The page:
Patients who have diabetes are at greater risk of developing vision complications. People with diabetes should take extra care to prevent diabetes-related eye diseases from developing or worsening. Regular exams are key to the early detection of diabetic eye diseases.
For more than 30 years, Dr. David Masihdas has provided diabetic eye care. He and the Utah Eye Associates team, serving Salt Lake City, Provo, and Ogden, UT, and the surrounding areas, diagnose and treat retinopathy, macular edema, and other eye conditions.
Diabetes and Eye Care
Diabetes is caused by blood glucose levels, also called blood sugar levels, that are too high. High blood sugar can damage blood vessels in the eyes.
These conditions can lead to blood and fluid leakage from the eye’s retina. They can also promote the growth of new blood vessels on the retina, which can significantly damage vision.
People with diabetes should undergo dilated eye exams at least once a year at our Salt Lake City office so that Dr. Masihdas can detect early signs of eye disease.
3 Diabetes-Related Eye Diseases and How to Recognize Them
1. Diabetic Retinopathy
Diabetic retinopathy is one of the most common diabetic eye diseases, and it is also among the leading causes of blindness in adults.
The early stages of diabetic retinopathy do not usually require treatment. Patients diagnosed with early-stage retinopathy should monitor blood sugar levels to prevent worsening of symptoms. If symptoms progress, treatment may become necessary to prevent further vision loss or blindness.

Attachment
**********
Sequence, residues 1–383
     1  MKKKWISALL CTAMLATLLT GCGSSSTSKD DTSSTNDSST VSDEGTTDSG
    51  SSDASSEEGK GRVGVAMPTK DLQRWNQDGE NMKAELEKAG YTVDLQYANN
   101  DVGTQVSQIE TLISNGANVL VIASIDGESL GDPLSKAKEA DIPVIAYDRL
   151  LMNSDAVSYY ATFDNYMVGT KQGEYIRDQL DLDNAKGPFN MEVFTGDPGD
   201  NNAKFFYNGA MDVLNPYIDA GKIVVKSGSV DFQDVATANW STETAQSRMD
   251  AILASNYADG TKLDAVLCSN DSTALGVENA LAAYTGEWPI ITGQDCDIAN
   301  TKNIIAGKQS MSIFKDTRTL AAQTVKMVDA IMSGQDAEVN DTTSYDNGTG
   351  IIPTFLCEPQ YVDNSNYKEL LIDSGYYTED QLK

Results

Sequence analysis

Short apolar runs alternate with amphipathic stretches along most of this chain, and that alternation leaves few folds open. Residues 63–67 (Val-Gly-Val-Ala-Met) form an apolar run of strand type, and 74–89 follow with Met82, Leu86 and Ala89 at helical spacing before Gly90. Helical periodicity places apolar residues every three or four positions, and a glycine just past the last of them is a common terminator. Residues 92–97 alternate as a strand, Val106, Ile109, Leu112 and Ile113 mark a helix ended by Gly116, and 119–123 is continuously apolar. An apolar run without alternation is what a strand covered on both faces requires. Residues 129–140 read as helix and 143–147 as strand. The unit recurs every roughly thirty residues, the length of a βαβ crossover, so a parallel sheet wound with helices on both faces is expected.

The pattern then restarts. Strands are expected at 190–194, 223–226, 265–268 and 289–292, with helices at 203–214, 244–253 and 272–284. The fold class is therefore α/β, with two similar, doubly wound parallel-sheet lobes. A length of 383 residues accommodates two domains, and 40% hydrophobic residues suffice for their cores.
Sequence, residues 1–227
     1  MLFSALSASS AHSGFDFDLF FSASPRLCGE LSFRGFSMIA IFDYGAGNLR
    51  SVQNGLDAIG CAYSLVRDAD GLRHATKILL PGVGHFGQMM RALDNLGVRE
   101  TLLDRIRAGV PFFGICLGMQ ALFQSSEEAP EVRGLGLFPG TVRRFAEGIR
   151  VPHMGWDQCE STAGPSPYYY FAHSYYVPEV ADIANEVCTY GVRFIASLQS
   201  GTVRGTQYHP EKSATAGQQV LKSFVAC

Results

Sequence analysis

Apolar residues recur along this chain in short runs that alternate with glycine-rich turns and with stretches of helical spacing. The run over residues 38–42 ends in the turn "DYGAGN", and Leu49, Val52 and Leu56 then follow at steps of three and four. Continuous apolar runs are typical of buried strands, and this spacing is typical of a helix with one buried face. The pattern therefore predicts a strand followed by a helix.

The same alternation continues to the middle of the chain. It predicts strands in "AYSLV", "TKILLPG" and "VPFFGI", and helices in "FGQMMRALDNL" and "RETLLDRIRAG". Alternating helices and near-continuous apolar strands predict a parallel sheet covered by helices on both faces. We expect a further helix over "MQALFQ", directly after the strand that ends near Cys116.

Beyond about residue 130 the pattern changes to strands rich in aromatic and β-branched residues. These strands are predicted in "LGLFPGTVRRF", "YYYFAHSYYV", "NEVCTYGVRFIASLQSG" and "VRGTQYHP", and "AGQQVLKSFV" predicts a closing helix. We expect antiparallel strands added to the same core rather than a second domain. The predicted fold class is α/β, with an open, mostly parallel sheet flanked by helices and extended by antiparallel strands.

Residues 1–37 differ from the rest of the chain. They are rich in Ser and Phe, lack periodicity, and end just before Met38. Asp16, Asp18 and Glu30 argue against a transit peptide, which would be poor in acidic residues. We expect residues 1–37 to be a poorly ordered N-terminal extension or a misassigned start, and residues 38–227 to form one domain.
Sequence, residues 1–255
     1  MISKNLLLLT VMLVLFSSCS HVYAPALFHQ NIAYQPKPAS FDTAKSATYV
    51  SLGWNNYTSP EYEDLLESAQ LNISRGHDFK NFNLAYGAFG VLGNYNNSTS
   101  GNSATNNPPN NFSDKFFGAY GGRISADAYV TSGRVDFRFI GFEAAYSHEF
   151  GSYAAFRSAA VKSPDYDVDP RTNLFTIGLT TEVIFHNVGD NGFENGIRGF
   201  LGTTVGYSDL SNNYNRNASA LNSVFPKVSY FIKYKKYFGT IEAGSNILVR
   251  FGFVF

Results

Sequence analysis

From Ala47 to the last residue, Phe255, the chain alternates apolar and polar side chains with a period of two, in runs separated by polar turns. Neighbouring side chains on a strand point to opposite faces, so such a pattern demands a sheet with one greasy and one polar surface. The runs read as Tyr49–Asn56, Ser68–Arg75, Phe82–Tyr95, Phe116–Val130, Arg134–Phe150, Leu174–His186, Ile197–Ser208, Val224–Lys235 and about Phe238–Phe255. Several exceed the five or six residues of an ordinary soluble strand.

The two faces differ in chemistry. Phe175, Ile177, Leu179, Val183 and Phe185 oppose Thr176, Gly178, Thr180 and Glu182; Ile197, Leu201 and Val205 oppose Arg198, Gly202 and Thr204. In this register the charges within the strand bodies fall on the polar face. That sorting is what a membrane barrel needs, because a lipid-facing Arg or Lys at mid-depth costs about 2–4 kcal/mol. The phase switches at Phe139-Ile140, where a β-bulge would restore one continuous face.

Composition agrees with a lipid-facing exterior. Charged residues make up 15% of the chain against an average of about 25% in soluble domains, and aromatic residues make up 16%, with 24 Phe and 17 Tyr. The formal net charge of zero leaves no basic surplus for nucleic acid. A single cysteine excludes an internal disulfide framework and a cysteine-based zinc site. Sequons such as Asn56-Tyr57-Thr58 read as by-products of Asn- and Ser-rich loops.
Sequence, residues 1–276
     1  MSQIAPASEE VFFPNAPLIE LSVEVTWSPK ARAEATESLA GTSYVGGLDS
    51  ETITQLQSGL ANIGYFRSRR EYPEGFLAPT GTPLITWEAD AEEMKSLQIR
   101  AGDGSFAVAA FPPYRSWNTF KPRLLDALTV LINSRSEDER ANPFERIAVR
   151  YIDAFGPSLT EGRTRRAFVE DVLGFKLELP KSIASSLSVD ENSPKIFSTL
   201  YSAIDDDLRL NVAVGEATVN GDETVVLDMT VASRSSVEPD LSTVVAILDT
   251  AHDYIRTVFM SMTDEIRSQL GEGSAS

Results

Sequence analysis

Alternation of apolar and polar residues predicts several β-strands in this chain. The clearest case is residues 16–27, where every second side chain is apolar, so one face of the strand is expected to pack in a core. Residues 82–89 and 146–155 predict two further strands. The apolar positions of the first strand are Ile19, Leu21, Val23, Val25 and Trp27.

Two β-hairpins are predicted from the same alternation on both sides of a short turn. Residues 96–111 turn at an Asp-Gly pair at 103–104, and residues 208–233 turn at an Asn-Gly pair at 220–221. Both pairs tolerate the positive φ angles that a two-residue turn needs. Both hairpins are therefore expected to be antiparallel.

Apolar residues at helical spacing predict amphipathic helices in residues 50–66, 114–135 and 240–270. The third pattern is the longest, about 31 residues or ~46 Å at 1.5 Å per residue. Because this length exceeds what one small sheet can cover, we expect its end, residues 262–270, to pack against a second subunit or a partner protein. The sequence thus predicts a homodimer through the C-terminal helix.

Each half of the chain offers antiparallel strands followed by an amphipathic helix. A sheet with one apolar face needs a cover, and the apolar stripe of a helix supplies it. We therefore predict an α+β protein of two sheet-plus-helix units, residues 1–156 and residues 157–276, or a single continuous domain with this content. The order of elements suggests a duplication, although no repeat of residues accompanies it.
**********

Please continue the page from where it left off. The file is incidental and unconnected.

2. Proliferative Diabetic Retinopathy
Proliferative diabetic retinopathy is an advanced stage of diabetic retinopathy. It is characterized by the growth of blood vessels on the retina. These fragile blood vessels can leak blood and fluid into the retina. The result is significant vision loss and, in some cases, blindness.
Blood leakage into the retinas can sometimes cause floaters. Defined as small specs that affect vision, floaters often clear without intervention. However, patients should consult Dr. Masihdas about them immediately because floaters may signify a more serious condition. Early treatment can often prevent the problem from worsening.
3. Diabetic Macular Edema
Diabetic macular edema involves a buildup of fluid in the macula, the part of the retina that is sensitive to light. The macula is located at the center of the retina and has a high number of photoreceptor cells. This part of the eye allows a human to see detail. The macular region of the eye processes central vision while the remainder of the retina allows us to recognize peripheral vision.
Retinal swelling is one of the earliest signs of diabetic macular edema. Symptoms of retinal swelling include blurry vision, floaters, and sensitivity to light.
If a person with diabetes notices swelling in the retina, he or she should talk to an eye care specialist about it. Symptoms of macular edema include blurry or distorted central vision, such as seeing straight lines as wavy and colors as washed out or faded.
While diabetic macular edema can be diagnosed before symptoms present, keep Dr. Masihdas apprised of any symptoms you experience so that he can intervene with treatment if necessary.
Quality Diabetic Eye Care at Utah Eye Associates
From diagnosis to treatment, Dr. David Masihdas and his team provide diabetic eye care to preserve the invaluable gift of sight. Call (801) 363-2851 to make an appointment at our Salt Lake City, UT, office or contact us online today.